The purpose of this debate….

The purpose is this, and I guess I’d say it’s several-fold:

1. To awaken Christians to the seriousness of the issue–and maybe,
just maybe, in the process, to get them to think about the other
issues related to God-honoring marriage. Others in the group aren’t
privy to our pastors’ discussion the other day, Matt, about
how “evangelism is the toughest thing to fake” when it comes to
godly living/church involvement. Well, we can fake a whole lot of
stuff, can’t we? We can fake real concern for unborn life by
saying “Amen” real loud on pro-life Sunday–and then not doing one
thing about it other than that. This proposal calls on Christians
to do something which actually costs something in this culture war.
We’re fat and lazy and altogether too willing to just accept things
that come down the cultural pike with a que sera, que sera attitude
that says, in effect, “well, we can’t stop it, so there’s no use
trying”. Look, most all of us believe in some level of social
engagement as part of the “cultural mandate” of Scripture to be salt
and light. This is nothing different, except that it is more
radical, and frankly, our vanilla mediocrity when it comes to taking
radical stances is appalling. Other than the “rescue movement”,
with which I personally had concerns on some points, few of us have
been willing to take stances that cost anything.

2. To say, loud and clear, that our first allegiance is to God, and
not to the state. I fear that most American Christians are first,
American, and a distant second, Christian.

3. To shock our culture into thinking long and hard before it takes
such a foolish action. The rationales I hear given by the
apologists for gay marriage are so surface-thinking that I want to
scream. “Why not let two people who love each other get married?”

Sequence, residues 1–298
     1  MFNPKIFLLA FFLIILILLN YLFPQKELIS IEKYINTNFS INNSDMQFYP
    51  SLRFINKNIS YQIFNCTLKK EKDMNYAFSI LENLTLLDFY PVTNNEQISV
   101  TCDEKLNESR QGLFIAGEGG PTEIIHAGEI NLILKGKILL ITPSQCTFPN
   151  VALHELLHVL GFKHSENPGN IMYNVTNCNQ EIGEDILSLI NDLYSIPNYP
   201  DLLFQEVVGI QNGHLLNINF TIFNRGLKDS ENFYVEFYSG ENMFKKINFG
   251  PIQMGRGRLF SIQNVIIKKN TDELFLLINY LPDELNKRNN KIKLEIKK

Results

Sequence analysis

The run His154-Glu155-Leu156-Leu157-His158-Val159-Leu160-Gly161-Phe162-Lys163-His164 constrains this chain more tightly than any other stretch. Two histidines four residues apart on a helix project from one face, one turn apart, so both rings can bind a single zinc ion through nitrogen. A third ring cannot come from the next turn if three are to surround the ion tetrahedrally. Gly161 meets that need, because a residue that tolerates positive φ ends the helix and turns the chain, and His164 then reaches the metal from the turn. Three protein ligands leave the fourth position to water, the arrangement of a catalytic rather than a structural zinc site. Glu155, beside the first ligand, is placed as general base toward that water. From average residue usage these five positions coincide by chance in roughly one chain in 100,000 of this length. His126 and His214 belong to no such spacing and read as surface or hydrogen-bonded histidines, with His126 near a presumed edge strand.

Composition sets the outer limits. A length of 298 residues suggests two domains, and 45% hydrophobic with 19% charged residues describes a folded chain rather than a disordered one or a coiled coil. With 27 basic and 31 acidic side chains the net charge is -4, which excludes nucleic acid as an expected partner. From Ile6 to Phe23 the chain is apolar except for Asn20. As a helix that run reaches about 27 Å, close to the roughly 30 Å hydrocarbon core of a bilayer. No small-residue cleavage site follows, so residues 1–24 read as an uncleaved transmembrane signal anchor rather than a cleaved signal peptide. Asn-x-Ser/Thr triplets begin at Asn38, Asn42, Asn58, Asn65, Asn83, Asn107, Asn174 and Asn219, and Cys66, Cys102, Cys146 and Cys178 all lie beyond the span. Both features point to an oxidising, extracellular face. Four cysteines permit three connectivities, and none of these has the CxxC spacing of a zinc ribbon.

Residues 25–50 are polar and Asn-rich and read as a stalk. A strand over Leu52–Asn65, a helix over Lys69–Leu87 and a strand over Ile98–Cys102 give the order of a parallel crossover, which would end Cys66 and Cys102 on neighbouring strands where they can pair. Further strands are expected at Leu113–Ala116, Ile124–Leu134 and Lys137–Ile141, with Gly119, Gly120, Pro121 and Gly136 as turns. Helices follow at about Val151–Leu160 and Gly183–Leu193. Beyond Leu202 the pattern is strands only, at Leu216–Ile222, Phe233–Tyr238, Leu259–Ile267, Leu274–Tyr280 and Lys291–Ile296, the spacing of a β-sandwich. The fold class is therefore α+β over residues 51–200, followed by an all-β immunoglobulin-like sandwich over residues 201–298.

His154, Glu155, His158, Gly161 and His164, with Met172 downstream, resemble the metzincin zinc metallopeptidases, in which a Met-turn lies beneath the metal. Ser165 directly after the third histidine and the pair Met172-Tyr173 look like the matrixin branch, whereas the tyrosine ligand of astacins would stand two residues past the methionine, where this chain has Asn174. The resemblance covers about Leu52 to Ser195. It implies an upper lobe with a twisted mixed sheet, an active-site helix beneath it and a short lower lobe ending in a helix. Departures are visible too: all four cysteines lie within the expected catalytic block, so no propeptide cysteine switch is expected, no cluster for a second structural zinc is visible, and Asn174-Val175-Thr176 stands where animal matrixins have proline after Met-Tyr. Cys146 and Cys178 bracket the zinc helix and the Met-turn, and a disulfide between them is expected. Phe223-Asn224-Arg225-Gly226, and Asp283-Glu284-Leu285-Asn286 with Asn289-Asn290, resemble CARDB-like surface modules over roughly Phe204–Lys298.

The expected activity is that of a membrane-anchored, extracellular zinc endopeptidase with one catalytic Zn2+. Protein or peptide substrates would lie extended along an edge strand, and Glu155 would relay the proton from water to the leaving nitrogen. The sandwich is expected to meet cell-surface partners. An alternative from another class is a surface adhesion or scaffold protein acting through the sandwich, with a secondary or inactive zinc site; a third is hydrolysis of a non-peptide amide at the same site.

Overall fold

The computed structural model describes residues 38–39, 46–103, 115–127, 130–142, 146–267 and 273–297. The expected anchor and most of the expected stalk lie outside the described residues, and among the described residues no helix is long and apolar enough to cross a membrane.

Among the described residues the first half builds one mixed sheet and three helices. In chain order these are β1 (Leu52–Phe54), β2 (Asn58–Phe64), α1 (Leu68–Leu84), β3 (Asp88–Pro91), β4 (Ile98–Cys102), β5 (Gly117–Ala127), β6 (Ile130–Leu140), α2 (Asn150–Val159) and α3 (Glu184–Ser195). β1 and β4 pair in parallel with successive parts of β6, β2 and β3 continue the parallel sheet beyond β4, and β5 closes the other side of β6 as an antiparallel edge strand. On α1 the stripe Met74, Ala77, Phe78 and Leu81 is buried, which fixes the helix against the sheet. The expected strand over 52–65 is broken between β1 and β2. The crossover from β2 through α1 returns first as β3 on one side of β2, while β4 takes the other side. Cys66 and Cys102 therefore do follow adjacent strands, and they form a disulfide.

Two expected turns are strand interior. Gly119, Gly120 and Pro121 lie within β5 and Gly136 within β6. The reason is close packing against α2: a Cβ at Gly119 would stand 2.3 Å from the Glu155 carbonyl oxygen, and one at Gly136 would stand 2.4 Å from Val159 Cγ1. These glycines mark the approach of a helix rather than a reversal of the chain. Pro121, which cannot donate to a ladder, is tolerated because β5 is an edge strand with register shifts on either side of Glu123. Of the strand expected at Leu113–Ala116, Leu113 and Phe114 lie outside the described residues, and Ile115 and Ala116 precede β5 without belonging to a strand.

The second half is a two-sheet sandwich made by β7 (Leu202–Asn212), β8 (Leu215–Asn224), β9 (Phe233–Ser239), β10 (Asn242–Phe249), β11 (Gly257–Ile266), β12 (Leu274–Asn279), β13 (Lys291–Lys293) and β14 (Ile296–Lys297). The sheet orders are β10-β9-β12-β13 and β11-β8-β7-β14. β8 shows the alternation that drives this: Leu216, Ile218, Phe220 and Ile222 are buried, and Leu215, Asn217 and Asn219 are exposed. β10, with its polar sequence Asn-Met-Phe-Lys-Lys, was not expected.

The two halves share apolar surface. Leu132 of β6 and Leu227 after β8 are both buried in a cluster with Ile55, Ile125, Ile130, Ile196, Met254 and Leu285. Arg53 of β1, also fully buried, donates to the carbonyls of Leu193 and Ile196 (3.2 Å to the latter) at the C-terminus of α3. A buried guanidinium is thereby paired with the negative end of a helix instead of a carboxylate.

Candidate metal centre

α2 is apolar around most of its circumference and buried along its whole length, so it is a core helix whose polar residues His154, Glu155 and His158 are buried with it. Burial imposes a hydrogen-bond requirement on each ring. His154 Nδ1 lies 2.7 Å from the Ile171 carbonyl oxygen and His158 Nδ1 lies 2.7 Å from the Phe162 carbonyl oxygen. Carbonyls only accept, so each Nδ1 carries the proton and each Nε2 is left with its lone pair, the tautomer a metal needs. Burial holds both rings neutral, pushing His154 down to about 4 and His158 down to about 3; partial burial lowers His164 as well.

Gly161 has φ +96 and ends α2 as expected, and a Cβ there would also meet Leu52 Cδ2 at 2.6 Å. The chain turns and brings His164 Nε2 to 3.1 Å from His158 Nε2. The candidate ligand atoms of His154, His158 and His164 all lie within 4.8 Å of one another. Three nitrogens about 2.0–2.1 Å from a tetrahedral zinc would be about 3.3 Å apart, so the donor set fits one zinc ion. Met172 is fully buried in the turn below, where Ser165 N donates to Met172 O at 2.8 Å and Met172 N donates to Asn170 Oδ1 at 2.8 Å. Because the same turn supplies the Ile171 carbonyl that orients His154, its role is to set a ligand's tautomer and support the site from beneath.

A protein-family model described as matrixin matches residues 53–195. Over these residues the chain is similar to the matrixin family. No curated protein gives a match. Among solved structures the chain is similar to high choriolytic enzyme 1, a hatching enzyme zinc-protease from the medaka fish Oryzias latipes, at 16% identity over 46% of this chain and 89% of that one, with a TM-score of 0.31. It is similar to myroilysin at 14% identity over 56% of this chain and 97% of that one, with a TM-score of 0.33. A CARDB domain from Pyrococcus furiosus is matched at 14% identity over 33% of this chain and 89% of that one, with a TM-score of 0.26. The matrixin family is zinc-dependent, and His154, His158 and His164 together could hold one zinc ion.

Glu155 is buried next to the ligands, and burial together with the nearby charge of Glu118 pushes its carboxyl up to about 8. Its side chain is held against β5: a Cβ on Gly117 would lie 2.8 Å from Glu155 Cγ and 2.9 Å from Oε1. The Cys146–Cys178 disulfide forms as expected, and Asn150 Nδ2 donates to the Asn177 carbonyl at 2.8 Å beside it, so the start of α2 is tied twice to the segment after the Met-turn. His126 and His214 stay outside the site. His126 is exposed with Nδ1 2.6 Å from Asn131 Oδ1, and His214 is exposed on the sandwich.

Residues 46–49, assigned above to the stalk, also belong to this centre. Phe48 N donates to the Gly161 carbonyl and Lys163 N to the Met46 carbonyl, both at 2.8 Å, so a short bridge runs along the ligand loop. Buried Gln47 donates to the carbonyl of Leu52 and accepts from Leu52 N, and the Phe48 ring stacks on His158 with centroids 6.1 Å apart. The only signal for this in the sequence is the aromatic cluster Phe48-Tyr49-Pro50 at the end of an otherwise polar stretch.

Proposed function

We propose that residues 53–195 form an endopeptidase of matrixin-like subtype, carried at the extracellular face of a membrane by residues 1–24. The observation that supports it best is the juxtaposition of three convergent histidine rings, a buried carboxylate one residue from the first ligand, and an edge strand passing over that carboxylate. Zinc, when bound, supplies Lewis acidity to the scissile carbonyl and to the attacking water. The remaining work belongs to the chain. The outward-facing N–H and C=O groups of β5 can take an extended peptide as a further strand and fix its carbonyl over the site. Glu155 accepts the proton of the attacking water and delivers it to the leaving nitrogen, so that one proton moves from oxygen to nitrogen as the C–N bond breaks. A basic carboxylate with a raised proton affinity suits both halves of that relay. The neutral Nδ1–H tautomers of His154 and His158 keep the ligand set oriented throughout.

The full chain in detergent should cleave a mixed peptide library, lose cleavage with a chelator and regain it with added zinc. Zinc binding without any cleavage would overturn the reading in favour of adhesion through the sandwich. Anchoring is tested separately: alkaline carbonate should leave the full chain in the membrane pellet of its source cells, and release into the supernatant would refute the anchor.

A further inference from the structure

Nobody is THINKING about this very hard (which I guess is indicative
of our culture in most respects), and my hope would be to awaken
people to the seriousness of the issue–and to what the actual
issues ARE–prior to us tearing down this fence. Good comment I
heard awhile back, by the way; “before we tear down a fence, perhaps
we ought to ask why it was erected in the first place”. NOBODY IS
ASKING QUESTIONS REMOTELY CONCERNED WITH THIS. The action would be
designed to make people think about the question of, “do we want
marriage, as recognized by the state, to include all sorts of
assorted goofy arrangements (“gay marriage” opens the door to all
other perversions), and at the same time, for Christian people to
want to have nothing to do with it?” I’d like for some politicians
and judges and the like to entertain that thought. So yes, it is to
bring some pressure to bear, as you put it.

This is not a pining for a return to some “Great Christian age” or
something, Matt. I don’t consider myself part of the Religious
Right (though I agree with the RR on some things, I disagree on many
others). But you say, “It seems to me that the Biblical notion of
engagement with culture is to be radically different from it, submit
to government when called upon, and pray for good leaders so that we
can live quiet lives of evangelism.” Yeah! That’s WHY I’m
suggesting we do this, in part, because “radically different” from
culture can involve saying to a culture that is bent on weird
definitions of marriage that, “we aren’t playing
along!” “Submitting to government” is right, of course; my
proposal isn’t even, at least at this point, “civil disobedience”,
because I’m not calling on anyone to disobey the government, but
rather, for the sake of clear Christian witness on the area of
marriage, to petition the government on First Amendment grounds to
allow us freedom of religion to have our marriages derecognized. I
think that taking such a step has the potential of actually
clarifying our witness, of standing apart in such a way that others
might be drawn to Christ, particularly if this is done in a
principled, and not angry, way.

Leave a Comment